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Lois Leveen: IMG Forsooth Me Not: Shakespeare, Juliet, Her Nurse, and a Novel

There's this writer, William Shakespeare. Perhaps you've heard of him. He wrote this play, Romeo and Juliet. Maybe you've heard of it as well. It's... Continue »
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    Juliet's Nurse

    Lois Leveen 9781476757445

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25 Remote Warehouse US History- 19th Century

This title in other editions

Other titles in the New Southern Studies series:

Southern Civil Religions: Imagining the Good Society in the Post-Reconstruction Era (New Southern Studies)


Southern Civil Religions: Imagining the Good Society in the Post-Reconstruction Era (New Southern Studies) Cover


Synopses & Reviews

Publisher Comments:

In the aftermath of the Civil War, the Lost Cause gave white southerners a new collective identity anchored in the stories, symbols, and rituals of the defeated Confederacy. Historians have used the idea of civil religion to explain how this powerful memory gave the white South a unique sense of national meaning, purpose, and destiny. The civil religious perspectives of everyone else, meanwhile, have gone unnoticed.

Arthur Remillard fills this void by investigating the civil religious dis­courses of a wide array of people and groups—blacks and whites, men and women, northerners and southerners, Democrats and Republicans, as well as Catholics, Protestants, and Jews. Focusing on the Wiregrass Gulf South region—an area covering north Florida, southwest Georgia, and southeast Alabama—Remillard argues that the Lost Cause was but one civil religious topic among many. Even within the white majority, civil religious language influenced a range of issues, such as progress, race, gender, and religious tolerance. Moreover, minority groups developed sacred values and beliefs that competed for space in the civil religious landscape.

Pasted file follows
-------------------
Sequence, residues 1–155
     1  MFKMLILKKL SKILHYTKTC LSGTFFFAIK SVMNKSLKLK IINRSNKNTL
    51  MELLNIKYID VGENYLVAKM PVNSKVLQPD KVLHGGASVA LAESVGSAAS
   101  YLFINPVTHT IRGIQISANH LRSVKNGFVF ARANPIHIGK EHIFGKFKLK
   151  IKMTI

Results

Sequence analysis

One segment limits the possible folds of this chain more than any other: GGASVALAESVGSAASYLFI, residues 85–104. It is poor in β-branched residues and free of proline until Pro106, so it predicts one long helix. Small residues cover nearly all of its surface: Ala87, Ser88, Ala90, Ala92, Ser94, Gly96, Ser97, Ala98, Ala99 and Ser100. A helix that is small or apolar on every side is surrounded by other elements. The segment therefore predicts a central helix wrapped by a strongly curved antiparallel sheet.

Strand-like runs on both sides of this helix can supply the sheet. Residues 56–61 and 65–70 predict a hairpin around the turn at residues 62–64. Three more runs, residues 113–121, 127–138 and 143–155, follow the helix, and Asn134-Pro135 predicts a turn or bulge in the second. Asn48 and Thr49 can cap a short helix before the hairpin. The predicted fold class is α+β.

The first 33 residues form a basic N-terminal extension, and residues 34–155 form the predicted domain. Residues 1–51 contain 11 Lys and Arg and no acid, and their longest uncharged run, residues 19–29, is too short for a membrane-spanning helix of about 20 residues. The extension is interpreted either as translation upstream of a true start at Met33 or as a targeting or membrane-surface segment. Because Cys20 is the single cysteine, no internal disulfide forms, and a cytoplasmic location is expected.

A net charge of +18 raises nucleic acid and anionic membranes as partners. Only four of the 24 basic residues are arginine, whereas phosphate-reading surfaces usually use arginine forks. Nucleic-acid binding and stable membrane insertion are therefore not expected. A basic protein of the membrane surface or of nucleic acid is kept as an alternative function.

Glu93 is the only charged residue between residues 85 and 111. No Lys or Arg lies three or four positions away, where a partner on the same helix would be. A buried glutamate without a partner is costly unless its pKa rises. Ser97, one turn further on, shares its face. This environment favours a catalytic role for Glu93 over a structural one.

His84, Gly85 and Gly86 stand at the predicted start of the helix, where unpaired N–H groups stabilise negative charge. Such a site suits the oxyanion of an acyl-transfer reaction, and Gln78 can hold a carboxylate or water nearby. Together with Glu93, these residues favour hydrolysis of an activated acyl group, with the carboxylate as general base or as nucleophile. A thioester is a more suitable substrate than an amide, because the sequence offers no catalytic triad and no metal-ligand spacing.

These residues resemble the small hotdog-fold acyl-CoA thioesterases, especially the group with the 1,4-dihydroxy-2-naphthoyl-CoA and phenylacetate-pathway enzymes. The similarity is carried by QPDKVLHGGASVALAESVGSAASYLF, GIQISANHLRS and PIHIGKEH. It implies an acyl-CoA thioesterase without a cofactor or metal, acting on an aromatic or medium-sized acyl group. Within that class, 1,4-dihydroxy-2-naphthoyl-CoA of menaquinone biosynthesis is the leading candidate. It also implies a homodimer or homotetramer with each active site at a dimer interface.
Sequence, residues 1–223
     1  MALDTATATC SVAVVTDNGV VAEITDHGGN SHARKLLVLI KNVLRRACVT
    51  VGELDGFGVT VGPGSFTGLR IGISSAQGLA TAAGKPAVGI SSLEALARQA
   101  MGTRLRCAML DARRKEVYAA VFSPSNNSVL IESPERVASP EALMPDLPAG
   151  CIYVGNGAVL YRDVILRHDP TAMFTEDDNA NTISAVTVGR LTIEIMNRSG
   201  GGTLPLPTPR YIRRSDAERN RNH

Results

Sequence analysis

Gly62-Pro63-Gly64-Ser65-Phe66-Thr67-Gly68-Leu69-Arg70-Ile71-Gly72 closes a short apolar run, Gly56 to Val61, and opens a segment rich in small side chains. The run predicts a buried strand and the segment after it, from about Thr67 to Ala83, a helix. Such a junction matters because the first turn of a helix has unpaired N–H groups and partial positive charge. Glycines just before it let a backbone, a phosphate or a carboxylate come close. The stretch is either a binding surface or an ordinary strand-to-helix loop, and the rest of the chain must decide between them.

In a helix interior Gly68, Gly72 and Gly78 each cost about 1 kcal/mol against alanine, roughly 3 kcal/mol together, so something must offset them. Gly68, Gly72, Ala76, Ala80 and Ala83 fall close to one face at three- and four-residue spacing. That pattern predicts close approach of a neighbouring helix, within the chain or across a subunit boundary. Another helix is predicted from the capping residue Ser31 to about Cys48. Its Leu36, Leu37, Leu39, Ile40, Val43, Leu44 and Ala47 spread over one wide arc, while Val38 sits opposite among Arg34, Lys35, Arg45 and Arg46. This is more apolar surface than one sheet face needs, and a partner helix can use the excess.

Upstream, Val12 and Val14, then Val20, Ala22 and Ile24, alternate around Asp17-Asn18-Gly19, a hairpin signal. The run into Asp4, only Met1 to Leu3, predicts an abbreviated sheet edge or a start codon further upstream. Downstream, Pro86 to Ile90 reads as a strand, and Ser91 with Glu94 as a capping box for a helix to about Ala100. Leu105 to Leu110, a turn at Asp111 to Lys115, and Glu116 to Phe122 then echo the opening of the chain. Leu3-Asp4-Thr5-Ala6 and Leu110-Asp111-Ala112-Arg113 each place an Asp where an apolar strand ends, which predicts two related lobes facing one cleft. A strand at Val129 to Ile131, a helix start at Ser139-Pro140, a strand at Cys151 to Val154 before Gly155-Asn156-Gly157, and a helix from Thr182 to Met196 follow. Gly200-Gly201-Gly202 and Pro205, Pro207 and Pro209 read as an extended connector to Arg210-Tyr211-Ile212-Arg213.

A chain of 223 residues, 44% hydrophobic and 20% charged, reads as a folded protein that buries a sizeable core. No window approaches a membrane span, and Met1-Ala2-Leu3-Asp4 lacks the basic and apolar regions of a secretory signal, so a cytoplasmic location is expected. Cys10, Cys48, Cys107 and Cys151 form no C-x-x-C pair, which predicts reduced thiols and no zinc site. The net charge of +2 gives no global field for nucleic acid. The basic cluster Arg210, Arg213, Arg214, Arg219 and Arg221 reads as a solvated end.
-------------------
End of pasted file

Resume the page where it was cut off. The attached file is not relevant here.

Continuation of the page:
About the Author

Arthur Remillard is an assistant professor of religious studies at Saint Francis University. He has served as the managing editor and book review editor for the Journal of Southern Religion since 2002.

Table of Contents


Introduction. Competing Visions of the Good Society

One. Progressive Voices, Traditional Voices: Reconstruction, Redemption, and the "Gospel of Material Progress"

Two. Black Voices, White Voices: The Race Problem as a Place Problem

Three. Female Voices, Male Voices: Devotion and the "Noble Daughters of the South"

Four. Jewish Voices, Gentile Voices: "The Soul of America Is the Soul of the Bible"

Five. Catholic Voices, Nativist Voices: True and Untrue Americans

Afterword. What If?

Appendix. Population Data for the South and Wiregrass Region




Product Details

Remillard, Arthur
University of Georgia Press
United States - 19th Century
US History-19th Century
Edition Description:
Trade Cloth
The New Southern Studies
Publication Date:
2 tables
9 x 6 in

Related Subjects

History and Social Science » US History » 19th Century
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Religion » Western Religions » Social and Political Issues

Southern Civil Religions: Imagining the Good Society in the Post-Reconstruction Era (New Southern Studies) New Hardcover
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Product details 248 pages University of Georgia Press - English 9780820336855 Reviews:
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